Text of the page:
Don’t risk it. Protect your business, yourself, and your employees. Know what you need to know and act now to prevent psychological injury at work.

Psychosocial Hazards are terms used often, lately.  It’s a big term, difficult to say and rarely understood. It refers to areas in business that cause stress and/or anxiety. That could impact on a person’s mental health. Leading to a psychological injury.

This must be front and centre of your Work Health and Safety risk management plan and processes. It is important for all business owners and managers to know. And identify, act on, and mitigate any risks, as part of running a business. It is necessary, not a nice to have.

You must show that you have acted. And addressed any potential causes of stress. Or anxiety, duress etc. Anything that could lead to a mental health issue for any of your employees. If proven that you did not act your liability is high.

In the literature, news, and regulators, you’ll come across the terms PCBU and HRS’s. They refer to a person conducting a business undertaking. And health and safety representative’s. This means you the owner, and/your manager/s are responsible. You are all accountable for the safety of your workers.

Yes, you, small business owner and/or manager, are responsible. It’s not only corporate entities and government departments. It’s all businesses and their owners, managers, and directors. Anyone conducting a business undertaking (PCBU’s). You are responsible for protecting employees mental health at work.

That’s why we’ve put together this video explanation of psychosocial hazards. What you need to know, do and why. Watch below. It’s 6 minutes long or close. Well worth your time. Protect yourself, your employees, and your business.

Links to news re cases and compensation:

Leggett v racing club $2.8mn

Leggett v Hawkesbury Race Club Limited (No 3) [2021] FCA 1658 and Leggett v Hawkesbury Race Club Limited (No 4) [2022] FCA 622, Rares J of the Federal Court of Australia held that the Club was liable to pay compensation for a few breaches under the Fair Work Act 2009 (Cth) (FW Act). This compensation was not capped by operation of the Workers Compensation Act 1987 (NSW) (WC Act).

Sexual Harassment compensation$268k small business jewellery store no policies re what an employee can do if an unlawful act occurs at work. Words from Will Snow of Snow Legal about this case:

Snow says one of the factors at play here might be a lack of policies or processes to guide employees in making formal complaints, or feelings of lack of safety to do so. In this case, the jeweller’s failure to create a formal sexual harassment policy played heavily against it.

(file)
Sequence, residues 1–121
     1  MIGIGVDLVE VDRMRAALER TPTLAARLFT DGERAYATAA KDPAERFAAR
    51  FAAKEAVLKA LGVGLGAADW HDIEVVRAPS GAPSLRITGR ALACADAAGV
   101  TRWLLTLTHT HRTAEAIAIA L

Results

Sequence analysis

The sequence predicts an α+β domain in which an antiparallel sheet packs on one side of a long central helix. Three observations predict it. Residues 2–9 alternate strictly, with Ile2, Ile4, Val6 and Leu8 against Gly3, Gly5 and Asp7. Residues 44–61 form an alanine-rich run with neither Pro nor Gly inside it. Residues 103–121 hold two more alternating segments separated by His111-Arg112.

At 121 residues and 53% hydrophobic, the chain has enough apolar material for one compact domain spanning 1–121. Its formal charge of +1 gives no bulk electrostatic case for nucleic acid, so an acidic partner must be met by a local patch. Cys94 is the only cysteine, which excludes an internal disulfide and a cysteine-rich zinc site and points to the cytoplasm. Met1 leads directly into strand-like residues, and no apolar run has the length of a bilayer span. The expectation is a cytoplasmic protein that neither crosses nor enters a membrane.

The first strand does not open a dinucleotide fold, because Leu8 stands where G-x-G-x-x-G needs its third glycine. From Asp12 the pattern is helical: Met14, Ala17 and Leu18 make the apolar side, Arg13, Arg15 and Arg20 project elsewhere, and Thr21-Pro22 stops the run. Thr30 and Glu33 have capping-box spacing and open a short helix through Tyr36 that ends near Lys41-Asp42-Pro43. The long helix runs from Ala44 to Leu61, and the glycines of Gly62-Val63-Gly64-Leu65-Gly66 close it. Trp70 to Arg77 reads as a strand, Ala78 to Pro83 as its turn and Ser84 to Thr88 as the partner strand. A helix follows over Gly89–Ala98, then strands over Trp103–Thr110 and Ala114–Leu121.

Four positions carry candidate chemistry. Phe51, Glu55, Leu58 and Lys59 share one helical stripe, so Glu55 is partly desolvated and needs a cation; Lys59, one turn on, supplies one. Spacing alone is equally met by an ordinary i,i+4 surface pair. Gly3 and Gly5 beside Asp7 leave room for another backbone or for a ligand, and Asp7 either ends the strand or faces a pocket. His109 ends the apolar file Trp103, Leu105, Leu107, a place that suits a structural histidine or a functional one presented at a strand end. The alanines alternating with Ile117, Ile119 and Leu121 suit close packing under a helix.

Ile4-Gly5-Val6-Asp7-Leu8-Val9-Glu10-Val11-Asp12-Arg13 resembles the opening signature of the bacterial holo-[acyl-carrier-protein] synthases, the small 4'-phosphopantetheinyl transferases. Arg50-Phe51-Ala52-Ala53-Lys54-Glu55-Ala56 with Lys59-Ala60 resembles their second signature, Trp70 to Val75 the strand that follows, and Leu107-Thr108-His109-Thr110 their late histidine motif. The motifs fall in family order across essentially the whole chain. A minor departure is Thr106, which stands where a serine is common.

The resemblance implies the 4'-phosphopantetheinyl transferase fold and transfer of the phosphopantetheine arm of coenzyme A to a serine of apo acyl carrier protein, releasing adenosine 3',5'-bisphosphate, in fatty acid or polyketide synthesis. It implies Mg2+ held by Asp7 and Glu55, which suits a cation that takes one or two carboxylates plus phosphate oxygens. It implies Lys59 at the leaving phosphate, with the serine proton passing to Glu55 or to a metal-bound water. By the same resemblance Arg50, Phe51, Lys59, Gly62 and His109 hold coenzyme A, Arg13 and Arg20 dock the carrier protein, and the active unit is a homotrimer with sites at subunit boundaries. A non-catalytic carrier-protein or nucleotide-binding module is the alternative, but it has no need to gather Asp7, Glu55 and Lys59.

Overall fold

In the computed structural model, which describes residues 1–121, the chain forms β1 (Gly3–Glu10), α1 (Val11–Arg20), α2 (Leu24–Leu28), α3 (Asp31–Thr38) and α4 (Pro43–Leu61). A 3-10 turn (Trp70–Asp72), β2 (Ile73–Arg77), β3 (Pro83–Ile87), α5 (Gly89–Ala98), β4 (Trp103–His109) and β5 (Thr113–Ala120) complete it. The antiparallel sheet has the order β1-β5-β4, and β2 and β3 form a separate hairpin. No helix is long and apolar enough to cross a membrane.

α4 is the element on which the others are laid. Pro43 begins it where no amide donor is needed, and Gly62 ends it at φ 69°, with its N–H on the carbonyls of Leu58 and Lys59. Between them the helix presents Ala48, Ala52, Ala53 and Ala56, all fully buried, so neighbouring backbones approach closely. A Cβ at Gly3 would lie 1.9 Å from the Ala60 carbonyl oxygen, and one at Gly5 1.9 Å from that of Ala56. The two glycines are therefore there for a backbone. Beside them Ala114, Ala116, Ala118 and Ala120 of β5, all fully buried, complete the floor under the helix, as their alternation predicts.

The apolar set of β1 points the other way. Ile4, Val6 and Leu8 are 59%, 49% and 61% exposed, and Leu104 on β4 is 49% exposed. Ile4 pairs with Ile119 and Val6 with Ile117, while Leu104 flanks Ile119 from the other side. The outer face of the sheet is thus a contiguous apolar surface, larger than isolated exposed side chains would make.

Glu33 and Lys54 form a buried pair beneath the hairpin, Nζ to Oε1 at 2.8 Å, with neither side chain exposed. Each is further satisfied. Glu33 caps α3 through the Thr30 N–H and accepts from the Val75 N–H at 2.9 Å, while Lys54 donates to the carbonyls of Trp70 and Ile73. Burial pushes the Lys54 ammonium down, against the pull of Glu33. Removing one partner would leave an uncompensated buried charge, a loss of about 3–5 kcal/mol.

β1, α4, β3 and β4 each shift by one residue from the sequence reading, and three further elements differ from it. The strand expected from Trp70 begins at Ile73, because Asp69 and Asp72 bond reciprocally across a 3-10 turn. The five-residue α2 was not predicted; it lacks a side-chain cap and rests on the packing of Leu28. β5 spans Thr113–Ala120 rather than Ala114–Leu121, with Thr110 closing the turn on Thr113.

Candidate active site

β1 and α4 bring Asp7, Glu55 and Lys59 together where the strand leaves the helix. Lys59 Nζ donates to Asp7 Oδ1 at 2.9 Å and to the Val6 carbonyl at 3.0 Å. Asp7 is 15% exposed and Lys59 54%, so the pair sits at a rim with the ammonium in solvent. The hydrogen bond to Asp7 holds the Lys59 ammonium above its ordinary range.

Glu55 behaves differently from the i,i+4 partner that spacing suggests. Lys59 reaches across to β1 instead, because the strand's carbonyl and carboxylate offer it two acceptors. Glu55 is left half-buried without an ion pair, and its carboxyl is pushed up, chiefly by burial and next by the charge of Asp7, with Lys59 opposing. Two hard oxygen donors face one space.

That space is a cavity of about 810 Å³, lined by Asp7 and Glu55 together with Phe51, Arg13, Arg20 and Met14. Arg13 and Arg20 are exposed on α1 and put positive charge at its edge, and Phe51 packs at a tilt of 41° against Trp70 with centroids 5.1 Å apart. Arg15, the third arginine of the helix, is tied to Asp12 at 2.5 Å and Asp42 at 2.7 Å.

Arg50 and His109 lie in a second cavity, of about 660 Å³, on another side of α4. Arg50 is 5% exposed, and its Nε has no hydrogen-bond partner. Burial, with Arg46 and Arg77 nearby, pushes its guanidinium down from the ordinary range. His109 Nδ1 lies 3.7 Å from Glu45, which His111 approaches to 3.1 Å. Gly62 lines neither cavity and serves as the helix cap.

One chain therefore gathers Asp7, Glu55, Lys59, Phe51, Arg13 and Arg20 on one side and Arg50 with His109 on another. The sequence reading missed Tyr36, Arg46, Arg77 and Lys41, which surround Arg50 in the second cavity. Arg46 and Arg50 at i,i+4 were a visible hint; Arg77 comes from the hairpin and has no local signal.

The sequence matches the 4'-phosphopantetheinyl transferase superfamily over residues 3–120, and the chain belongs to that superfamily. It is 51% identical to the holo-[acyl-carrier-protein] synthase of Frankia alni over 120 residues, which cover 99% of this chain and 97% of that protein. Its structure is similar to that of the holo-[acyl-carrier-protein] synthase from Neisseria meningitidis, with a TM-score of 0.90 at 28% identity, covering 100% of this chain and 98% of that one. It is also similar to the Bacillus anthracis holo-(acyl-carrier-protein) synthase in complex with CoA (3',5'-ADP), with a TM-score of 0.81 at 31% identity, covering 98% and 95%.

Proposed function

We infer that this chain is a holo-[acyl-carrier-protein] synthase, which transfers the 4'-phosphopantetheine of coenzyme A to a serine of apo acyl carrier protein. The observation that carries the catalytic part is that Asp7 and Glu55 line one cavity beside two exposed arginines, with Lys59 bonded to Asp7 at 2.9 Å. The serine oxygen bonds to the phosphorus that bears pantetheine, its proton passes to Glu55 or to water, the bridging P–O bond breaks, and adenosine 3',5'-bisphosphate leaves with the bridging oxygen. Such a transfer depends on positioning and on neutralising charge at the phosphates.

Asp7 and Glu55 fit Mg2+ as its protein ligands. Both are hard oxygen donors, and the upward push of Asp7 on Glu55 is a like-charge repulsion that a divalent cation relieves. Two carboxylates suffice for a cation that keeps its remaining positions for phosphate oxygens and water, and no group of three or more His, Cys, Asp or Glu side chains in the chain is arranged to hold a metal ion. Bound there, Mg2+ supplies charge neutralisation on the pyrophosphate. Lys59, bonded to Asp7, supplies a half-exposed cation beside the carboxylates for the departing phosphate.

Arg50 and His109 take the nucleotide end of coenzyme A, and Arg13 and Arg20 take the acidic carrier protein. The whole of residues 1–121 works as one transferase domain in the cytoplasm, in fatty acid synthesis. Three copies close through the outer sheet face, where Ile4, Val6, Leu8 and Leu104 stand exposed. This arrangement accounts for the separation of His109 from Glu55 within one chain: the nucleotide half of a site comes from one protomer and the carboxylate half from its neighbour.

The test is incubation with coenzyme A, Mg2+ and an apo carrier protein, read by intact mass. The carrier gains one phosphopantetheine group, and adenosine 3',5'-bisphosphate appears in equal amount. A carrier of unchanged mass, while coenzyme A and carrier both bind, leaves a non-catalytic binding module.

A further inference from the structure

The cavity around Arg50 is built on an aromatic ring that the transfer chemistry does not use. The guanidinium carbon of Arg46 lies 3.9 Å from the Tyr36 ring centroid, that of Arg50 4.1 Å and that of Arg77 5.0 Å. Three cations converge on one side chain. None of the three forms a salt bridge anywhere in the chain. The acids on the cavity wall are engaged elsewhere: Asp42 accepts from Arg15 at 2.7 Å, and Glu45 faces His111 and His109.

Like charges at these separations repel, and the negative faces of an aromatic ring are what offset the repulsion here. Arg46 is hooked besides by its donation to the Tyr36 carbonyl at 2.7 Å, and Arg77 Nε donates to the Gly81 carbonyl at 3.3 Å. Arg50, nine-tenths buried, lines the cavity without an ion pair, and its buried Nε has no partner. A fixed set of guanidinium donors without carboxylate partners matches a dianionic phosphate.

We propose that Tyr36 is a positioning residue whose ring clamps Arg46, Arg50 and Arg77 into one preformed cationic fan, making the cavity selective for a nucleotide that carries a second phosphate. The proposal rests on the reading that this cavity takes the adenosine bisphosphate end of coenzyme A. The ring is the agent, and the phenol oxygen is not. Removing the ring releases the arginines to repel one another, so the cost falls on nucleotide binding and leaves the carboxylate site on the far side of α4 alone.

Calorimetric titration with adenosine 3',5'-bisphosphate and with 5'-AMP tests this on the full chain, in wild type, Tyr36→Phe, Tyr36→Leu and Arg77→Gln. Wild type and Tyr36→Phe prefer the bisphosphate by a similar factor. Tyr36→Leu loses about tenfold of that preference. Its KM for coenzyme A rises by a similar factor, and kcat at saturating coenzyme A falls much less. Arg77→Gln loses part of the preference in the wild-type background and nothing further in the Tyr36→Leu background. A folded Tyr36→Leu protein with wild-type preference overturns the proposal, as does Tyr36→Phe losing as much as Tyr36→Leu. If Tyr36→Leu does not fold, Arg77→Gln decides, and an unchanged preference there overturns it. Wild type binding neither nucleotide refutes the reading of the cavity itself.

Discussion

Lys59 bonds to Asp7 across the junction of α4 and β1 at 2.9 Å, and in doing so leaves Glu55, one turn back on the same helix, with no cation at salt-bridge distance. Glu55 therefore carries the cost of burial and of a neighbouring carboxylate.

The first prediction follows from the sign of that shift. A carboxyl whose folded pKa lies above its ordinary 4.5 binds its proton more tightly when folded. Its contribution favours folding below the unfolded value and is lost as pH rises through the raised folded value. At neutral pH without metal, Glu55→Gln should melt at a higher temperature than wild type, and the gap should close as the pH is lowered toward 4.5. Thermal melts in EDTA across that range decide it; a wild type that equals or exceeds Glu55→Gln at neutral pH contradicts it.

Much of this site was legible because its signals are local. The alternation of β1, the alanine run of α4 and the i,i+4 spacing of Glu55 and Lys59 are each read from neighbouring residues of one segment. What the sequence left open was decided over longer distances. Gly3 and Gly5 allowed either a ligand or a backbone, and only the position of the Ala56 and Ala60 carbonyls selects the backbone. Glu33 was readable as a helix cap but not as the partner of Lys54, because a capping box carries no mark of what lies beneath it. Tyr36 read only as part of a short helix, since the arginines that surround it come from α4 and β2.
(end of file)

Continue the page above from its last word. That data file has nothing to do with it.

“It goes to show that a business in this situation, without any policies at all, could never demonstrate that it had taken reasonable and proportionate measures to stop unlawful conduct from occurring,” says Snow. For small businesses such as this one, where there is no in-house HR department, he suggests that employers consider how they can build a clear avenue for employees to report misconduct.

“One of the key findings from this case is that, if you don’t provide some mechanism for people to raise concerns, then often their only option is to go to an external party.

“That external party might be a lawyer, or it could be the Australian Human Rights Commission. So, one of the things to consider, especially for smaller businesses that don’t have an in-house HR function, is [whether they should] partner with an HR consultant who is available to employees.

“There needs to be some sort of complaint handling mechanism so people can raise issues or concerns. And [this case is] an education piece for all businesses that, just because you’re small, it doesn’t mean you can get away with it.”

Jetstar meeting caused psychological injury finding by NSW Personal Injury Commission highlighted words from the decision written by Allens Linklater:

The Commission found that it would have been reasonable for Jetstar to have provided Mr Dimopoulos with more time to properly prepare (and possibly comply with the policy the subject of the meeting (in this case, the leave policy)).

On that basis, Jetstar’s actions were not accepted by the Commission as reasonable. The matter was remitted for a referral to an independent medical assessment to determine Mr Dimopoulos’ whole person impairment.

If you would like help with managing psychological risks at your workplace book a FREE 15 minute discovery call with me.

Watch a presentation on dealing with psychosocial hazards in the workplace.